Photo: In 1929 the then-Minneapolis Symphony Orchestra traveled to Cuba. Seen here are the Orchestra's second music director, Henri Verbrugghen (2nd from left), violinist Jenny Cullen (the first female member of the Orchestra) and other Orchestra personnel preparing to board a ship in Havana.
I’ll be honest. It still seems surreal to type the words I’m about to type, but here goes. This week, my orchestra is going to Cuba. I am going to Cuba.
Listen to the live broadcast!
In the Twin Cities, tune in to 99.5 KSJN, or streaming worldwide at classicalmpr.org at 7pm central, Friday and Saturday, May 15-16, 2015.
It should have been impossible, right from the start. After all, the U.S. government only announced that it was going to begin normalizing relations with the island nation in mid-December 2014, and by early January, our orchestra’s President, Kevin Smith, was musing aloud about how cool it would be if we could be the first American orchestra to visit Havana following the thaw. Which was such a crazy fantasy that he had to say it a number of times before our General Manager, Beth Kellar-Long, said back, “So… this is something you actually want me to be looking into?”
International orchestra tours are massively complicated affairs that are normally planned years in advance just so that all the logistical hurdles are certain to be cleared. There’s so much to plan for, from which soloists and repertoire we’ll play (which isn’t 100% under our control depending on what a given presenter in a given city wants), to which hotels we’ll stay at, to how we’ll get around, to where and when we’ll set up, rehearse, and eat. But Kevin was talking about pulling together a tour to a country that Americans don’t ordinarily travel to, with U.S. government backing, in secret (we weren’t the only orchestra that wanted to be the first to Havana), in a matter of weeks. And then, somehow, through a crazy amount of luck and an even crazier amount of hard work on the part of our staff and board members, it happened, and this week, we embark on the cultural event of a lifetime.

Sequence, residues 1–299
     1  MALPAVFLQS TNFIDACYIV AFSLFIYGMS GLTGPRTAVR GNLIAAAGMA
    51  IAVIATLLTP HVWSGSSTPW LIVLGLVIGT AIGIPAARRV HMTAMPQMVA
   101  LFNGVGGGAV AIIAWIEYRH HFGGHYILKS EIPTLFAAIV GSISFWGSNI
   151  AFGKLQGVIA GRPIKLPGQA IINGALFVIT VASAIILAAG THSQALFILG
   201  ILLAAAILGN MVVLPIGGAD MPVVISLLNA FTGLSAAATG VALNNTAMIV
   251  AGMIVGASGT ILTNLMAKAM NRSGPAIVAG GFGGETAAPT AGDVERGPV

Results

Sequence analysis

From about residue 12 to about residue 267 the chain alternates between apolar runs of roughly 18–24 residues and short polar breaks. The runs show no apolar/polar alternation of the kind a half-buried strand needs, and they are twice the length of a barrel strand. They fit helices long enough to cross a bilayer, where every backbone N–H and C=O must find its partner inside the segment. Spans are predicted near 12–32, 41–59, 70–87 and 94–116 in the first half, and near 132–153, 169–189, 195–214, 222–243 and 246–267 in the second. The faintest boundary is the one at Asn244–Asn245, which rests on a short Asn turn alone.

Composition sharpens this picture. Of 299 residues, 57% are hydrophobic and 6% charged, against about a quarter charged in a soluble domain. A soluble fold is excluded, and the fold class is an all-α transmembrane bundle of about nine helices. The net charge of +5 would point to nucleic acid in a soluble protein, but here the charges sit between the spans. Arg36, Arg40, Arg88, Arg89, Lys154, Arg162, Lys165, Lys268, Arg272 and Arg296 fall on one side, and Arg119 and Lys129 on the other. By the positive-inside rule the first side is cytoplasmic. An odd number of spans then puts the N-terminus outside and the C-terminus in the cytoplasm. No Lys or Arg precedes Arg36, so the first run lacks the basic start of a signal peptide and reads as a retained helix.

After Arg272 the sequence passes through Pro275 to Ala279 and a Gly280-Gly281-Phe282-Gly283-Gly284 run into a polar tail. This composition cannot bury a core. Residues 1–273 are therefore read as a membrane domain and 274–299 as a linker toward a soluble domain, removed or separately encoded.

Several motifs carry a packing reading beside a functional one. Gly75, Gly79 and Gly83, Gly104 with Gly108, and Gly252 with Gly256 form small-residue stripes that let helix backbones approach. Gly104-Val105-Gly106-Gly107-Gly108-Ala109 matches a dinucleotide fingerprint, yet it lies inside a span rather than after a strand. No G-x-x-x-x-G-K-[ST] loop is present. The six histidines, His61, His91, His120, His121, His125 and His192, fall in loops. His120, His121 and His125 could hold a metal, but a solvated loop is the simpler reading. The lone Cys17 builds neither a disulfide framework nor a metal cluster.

There’s some history to America’s symphony orchestras being sent abroad as cultural diplomats. After President Nixon went to China in 1972 to reestablish diplomatic relations with that country, he specifically requested that the Philadelphia Orchestra spend two weeks touring China the following year. In 2008, the New York Philharmonic took the unprecedented step of accepting an invitation from the North Korean government to perform in Pyongyang.
Our orchestra was once sponsored by the U.S. State Department to undertake a Middle East tour in 1957. And while we will be the first American orchestra to perform in Cuba since the official announcement of a thaw in relations between our two countries, we’ll actually be the second since the Cuban revolution took place – the Milwaukee Symphony performed in Havana in 1999 as part of a cultural exchange.
The Minnesota Orchestra has its own history with Cuba as well, having performed there in 1929 and 1930 when it was known as the Minneapolis Symphony Orchestra. The MSO in those days toured so much that it was known as the “Orchestra on Wheels,” and Cuba must have seemed like a tropical vacation to musicians who were used to spending weeks on end taking trains from one small Midwestern city to the next. We’ll be paying tribute to our predecessors by performing Beethoven’s Eroica Symphony, which was also on the MSO’s 1929 program in Havana.